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19.8. Benchmarking

Don't optimize codebenchmark it.

It's natural to think that a single expression like:

    keys %{ { map {$_=>1} @_ } }

will be more efficient than two statements:

    my %seen;
    return grep {!$seen{$_}++} @_;

But, unless you are deeply familiar with the internals of the Perl interpreter[*], intuitions about the relative performance of two constructs are exactly that: unconscious guesses.

[*] In which case you already have far more serious personal issues to deal with.

The only way to know for sure which of twoor morealternatives will perform better is to actually time each of them. The standard Benchmark module makes that easy, as Example 19-8 illustrates.

Example 19-8. Benchmarking the uniqueness functions

# A short list of not-quite-unique values...
our @data = qw( do re me fa so la ti do );
# Various candidates...
sub unique_via_anon { return keys %{ { map {$_=>1} @_ } }; } sub unique_via_grep { my %seen; return grep { !$seen{$_}++ } @_; } sub unique_via_slice { my %uniq; @uniq{@_} = ( ); return keys %uniq; }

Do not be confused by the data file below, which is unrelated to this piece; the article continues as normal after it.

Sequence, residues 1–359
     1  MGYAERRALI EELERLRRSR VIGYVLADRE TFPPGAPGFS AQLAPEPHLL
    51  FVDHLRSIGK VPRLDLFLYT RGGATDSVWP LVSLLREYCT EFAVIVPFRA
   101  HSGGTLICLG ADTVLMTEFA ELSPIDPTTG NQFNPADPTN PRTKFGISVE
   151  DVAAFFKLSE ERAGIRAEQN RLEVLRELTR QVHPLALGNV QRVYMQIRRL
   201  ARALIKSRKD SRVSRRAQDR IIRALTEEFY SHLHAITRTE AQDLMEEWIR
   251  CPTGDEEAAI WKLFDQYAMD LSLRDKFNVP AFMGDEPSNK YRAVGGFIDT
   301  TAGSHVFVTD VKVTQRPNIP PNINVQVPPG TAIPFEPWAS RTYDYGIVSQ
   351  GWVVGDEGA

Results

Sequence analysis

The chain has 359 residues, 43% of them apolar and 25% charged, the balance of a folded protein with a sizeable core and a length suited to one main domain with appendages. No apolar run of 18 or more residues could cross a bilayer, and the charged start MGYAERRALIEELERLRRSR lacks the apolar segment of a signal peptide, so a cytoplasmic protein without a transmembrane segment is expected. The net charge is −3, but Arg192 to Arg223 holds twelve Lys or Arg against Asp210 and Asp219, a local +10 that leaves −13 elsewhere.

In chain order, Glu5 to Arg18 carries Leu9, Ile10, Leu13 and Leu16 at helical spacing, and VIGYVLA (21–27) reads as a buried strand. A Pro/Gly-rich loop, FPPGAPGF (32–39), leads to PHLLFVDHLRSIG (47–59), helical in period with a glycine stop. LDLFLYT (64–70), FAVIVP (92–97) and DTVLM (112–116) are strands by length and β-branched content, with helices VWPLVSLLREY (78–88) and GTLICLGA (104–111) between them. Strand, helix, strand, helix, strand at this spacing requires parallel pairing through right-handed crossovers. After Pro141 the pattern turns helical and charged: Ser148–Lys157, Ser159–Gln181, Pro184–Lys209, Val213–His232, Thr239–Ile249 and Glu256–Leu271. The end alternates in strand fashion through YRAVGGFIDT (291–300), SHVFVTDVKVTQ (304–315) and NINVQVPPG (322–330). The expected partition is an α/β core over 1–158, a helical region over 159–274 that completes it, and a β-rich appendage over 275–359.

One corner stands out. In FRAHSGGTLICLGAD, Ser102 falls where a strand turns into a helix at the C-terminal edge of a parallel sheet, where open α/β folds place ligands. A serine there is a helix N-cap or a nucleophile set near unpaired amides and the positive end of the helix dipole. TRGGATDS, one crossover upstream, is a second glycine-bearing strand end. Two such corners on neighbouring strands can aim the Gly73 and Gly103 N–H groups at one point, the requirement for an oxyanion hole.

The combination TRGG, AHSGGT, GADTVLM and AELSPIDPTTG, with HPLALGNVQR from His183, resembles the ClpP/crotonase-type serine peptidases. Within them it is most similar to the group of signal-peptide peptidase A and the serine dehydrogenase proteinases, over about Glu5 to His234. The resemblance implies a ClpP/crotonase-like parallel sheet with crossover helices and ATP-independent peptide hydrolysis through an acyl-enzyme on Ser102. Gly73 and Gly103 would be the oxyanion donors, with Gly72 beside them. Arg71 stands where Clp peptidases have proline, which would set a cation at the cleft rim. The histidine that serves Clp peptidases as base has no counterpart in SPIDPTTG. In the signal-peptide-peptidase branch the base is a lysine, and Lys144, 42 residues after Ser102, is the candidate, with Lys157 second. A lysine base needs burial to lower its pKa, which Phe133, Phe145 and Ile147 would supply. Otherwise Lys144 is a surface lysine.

# Compare the current set of data in @data
sub compare { my ($title) = @_; print "\n[$title]\n";
# Create a comparison table of the various timings, making sure that
    # each test runs at least 10 CPU seconds...
use Benchmark qw( cmpthese ); cmpthese -10, { anon => 'my @uniq = unique_via_anon(@data)', grep => 'my @uniq = unique_via_grep(@data)', slice => 'my @uniq = unique_via_slice(@data)', }; return; } compare('8 items, 10% repetition');
# Two copies of the original data...
@data = (@data) x 2; compare('16 items, 56% repetition');
# One hundred copies of the original data...
@data = (@data) x 50; compare('800 items, 99% repetition');

The cmpthese( ) subroutine is passed a number, followed by a reference to a hash of tests. The number specifies either the exact number of times to run each test (if the number is positive) or the absolute number of CPU seconds to run the test for (if the number is negative). Typical values are around 10,000 repetitions or 10 CPU seconds, but the module will warn you if the test is too short to produce an accurate benchmark.